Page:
Spanish people call this vino caliente, hot wine, in Finland and Sweden it’s called glögi or glögg and for some unexplained reason in English it’s mulled wine. Well, it’s the same thing in every country, though. We’ve been making mulled wine every Christmas for years and it’s a perfect drink when you’re preparing Christmas dishes as well as serving for your guests (who come to visit bringing you a whole lot of Christmas presents, hopefully).
Ingredients for Mulled Wine for 4 Servings
1 orange – naranja
2 dl (1 cup) of sugar – azucar
4 star anises – anís estrellado
1 vanilla pod – vaina de vainilla
6 whole cloves – clavos enteros
6 dl (3 cups) of black currant juice – zumo de grosella negra
a thumb size piece of fresh ginger – jengibre
1 teaspoon of whole cardamoms – cardamomos
1 bottle of red wine – vino tinto
4 cinnamon sticks – ramitas de canela
Peel orange and mix the peeled zest with all remaining ingredients except red wine and cinnamon sticks in large pot. Squeeze the orange juice into the pot. Bring to boil and add the wine. Reheat, but don’t let it boil. Serve with the cinnamon sticks in the mugs. If you wish, you can filter the wine, but skillful scooping to avoid spices entering the mugs will do, too!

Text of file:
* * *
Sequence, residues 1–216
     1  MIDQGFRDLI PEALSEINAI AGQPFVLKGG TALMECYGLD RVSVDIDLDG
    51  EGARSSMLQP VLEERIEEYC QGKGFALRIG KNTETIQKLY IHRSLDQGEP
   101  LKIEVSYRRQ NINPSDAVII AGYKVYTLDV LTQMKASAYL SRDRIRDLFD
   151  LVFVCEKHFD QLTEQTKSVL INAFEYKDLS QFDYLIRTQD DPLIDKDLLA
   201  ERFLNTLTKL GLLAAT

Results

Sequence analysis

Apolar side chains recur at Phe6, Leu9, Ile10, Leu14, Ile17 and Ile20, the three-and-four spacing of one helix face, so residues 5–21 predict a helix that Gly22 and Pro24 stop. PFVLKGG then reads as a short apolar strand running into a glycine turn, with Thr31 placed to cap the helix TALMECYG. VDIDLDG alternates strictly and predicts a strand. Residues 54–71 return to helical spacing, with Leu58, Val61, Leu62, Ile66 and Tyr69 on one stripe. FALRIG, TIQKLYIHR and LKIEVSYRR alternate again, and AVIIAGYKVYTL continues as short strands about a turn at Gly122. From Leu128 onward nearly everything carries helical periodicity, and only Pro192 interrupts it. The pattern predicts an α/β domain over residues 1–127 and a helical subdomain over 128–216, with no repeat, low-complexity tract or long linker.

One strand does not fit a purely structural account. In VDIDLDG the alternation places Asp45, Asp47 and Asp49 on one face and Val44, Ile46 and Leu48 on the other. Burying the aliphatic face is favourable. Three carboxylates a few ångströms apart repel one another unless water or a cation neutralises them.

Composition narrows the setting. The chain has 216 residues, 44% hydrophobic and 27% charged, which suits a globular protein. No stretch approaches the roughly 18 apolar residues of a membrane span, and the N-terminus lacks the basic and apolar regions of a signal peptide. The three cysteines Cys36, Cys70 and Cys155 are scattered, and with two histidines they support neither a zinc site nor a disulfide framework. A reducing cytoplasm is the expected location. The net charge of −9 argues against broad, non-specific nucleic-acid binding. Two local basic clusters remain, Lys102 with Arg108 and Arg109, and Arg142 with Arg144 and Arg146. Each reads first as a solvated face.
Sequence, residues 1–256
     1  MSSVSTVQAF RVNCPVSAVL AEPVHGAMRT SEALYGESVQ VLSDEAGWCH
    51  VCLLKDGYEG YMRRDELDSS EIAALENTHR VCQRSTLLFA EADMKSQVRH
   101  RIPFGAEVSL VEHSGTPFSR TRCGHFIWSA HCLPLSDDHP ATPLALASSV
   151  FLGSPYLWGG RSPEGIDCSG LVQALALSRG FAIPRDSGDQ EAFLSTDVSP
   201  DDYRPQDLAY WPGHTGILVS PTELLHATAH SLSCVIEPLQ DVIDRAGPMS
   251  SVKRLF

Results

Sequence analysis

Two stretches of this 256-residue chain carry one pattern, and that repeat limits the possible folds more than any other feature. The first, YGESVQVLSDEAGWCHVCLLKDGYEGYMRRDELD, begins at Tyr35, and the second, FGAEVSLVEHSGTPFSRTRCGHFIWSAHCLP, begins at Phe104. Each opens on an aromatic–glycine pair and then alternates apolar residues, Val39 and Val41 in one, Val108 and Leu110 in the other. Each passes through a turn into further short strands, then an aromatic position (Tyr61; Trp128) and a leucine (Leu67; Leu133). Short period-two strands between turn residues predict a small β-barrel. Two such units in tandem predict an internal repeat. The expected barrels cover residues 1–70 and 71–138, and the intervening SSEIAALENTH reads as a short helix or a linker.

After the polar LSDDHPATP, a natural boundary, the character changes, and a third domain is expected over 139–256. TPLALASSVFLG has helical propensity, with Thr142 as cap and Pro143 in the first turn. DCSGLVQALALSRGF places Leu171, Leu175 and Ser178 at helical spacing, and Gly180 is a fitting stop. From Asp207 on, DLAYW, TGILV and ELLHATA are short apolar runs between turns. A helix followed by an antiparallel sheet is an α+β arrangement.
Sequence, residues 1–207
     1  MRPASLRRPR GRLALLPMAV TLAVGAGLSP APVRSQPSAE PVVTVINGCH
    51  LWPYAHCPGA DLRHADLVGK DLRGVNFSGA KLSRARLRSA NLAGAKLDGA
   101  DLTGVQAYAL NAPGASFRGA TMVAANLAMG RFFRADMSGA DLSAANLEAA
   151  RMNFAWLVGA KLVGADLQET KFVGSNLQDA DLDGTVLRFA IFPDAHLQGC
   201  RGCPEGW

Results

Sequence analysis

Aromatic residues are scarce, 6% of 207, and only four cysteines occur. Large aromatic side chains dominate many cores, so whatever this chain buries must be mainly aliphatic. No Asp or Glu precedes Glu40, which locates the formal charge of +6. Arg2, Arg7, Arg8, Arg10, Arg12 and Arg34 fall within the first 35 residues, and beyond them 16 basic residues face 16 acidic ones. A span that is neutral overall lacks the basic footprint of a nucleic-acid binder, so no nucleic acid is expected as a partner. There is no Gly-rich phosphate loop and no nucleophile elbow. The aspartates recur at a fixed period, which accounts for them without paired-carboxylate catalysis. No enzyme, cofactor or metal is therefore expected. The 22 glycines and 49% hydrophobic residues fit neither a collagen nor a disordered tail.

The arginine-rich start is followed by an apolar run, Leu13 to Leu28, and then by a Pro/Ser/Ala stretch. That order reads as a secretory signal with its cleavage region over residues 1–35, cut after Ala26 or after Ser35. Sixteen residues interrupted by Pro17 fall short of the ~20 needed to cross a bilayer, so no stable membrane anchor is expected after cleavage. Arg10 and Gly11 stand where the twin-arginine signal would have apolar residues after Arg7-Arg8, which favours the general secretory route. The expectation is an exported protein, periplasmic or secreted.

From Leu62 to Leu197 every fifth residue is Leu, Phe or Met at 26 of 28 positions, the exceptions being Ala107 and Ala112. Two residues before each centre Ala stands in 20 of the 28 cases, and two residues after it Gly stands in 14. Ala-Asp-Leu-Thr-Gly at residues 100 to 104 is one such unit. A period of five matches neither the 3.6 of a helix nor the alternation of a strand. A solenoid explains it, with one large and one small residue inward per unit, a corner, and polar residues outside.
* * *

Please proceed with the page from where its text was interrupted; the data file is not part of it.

You can use orange slices and star anises to garnish the mugs.
Have you ever wondered what is the difference between cava and champagne? Well, to make a long story short, Champagne is a region in France and sparkling wine produced in this area is called champagne. Cava was earlier called champagne, too, but original Champagne area producers wanted to protect their product (for obvious reason) they banned using the name for anything else. In Spain there are several producers of ‘champagne’, but the product is called cava. It is produced exactly the same way, but it is not done in Champagne, it’s not called champagne. And actually the name cava refers to caves as they are aged in old caves underground in barrels.
Codorníu is the second best selling cava in Spain after their rival Freixenet. Codorníu produces a whopping 5 million cases annually and they are located only about 50 km/30 mi from Barcelona near a small town called Vilafranca del Penedés.
In summer 2013 we were having a summer trip by car near Barcelona, visiting Cavas Codorníu was a must. One of their cavas, Anna de Codorníu, is one of our absolute favorites. We always have a bottle or two in the fridge. Here’s a virtual tour through the cava cellars!
A friend of ours works as a general manager in a local restaurant and he said that it is possible to open a cava bottle just using the bottom of a cava glass. Even though I know it’s fairly easy to open a bottle with a knife (or sword), this sounded too fancy to be true. This is what happened when I tried it: